Video made this artist a star  

Our technology literate generation owes a great debt to Nam June Paik. A major exhibition at Liverpool Tate explores his importance as JO BALDWIN and ALISS LANGRIDGE found out…

Performance and video artist, exhibitionist and visionary, the late South Korean born artist Nam June Paik (1932-2006) transformed video into an artistic medium to show the changing pace of technology now and in the future. The Liverpool Tate and FACT have collaborated in a dual exhibition to celebrate his life, work and achievements.
Paik was refreshingly optimistic about the potential technology offered for human interaction, and was possibly the first artist to use video, satellite communication and lasers in his projects. His video installations pre-empted MTV and the modern-day DIY phenomenon of You Tube by decades. Both could be said to be the ‘child’ and ‘grandchild’, respectively, of Paik’s pioneering work.
He even anticipated the internet and its explosive impact on future generations, coining the term ‘electronic superhighway’ back in 1974.
Paik’s work addresses the eventual breakdown and merging of the natural and artificial, echoed in reality by mankind’s increasing reliance upon technology. With his videos, he helped establish a new role for the artist as researcher and documentary historian.  There is a sense that many of his pieces form part of a larger continuum, a lifelong work-in-progress, just like technology itself. Paik began his career as a composer in Japan and Germany.  He worked with, and was influenced by, a number of artists such as cellist Charlotte Moorman and avant-garde musicians John Cage, Joseph Beuys and Karlheinz Stockhausen. Sections in the exhibition focus on his collaborations with them, shown through different photographs, documents and footage of rare performances.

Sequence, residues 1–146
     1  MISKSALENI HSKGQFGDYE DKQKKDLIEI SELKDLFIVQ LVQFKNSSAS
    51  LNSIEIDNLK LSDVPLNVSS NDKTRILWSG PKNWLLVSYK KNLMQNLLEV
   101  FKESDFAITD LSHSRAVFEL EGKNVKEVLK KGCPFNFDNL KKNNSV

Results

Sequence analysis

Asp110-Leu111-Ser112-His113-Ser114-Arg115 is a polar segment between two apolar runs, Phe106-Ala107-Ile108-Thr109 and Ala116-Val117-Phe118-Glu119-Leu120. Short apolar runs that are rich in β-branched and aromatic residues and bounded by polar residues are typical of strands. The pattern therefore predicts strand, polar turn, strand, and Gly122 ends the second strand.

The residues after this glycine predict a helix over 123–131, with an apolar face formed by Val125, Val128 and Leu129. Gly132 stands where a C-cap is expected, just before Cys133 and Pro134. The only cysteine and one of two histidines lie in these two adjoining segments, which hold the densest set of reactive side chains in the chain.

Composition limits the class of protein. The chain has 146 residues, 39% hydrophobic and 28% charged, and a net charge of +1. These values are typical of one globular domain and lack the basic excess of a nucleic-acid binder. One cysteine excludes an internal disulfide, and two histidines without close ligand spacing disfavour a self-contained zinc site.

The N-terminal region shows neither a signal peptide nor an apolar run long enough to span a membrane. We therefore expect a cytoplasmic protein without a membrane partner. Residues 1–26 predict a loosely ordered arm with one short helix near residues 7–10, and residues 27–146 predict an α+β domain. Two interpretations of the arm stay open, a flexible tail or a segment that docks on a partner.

Beginning at the Wolfson Gallery on the ground floor of the Tate building, the introductory part of the exhibition presents the viewer with biographical information and images of Paik, before moving on to explore around ninety works during different phases of his career.  The artist’s innovative use of technology is a hallmark of the various works shown at the Tate and FACT.
Meditation and Manipulation contains some of Paik’s early television experiments such as Magnet TV (1965), an exploration of the medium’s structure. The installation includes a powerful electromagnet, which audiences at the original exhibit could manipulate to produce various patterns.
Opera Sextronique focuses on the creative outcomes between Charlotte Moorman and Paik.  Their work explored the humanising aspects of art and technology, often resulting in provocative acts. Notable is Oil drums, Homage à Charlotte Moorman (1964), a version of Variation on a theme by Saint Saëns, a musical piece about a swan. Moorman plays the opening notes on her cello, before interpreting the next section by mimicking the swan’s movements while submerged in a water-filled oil drum.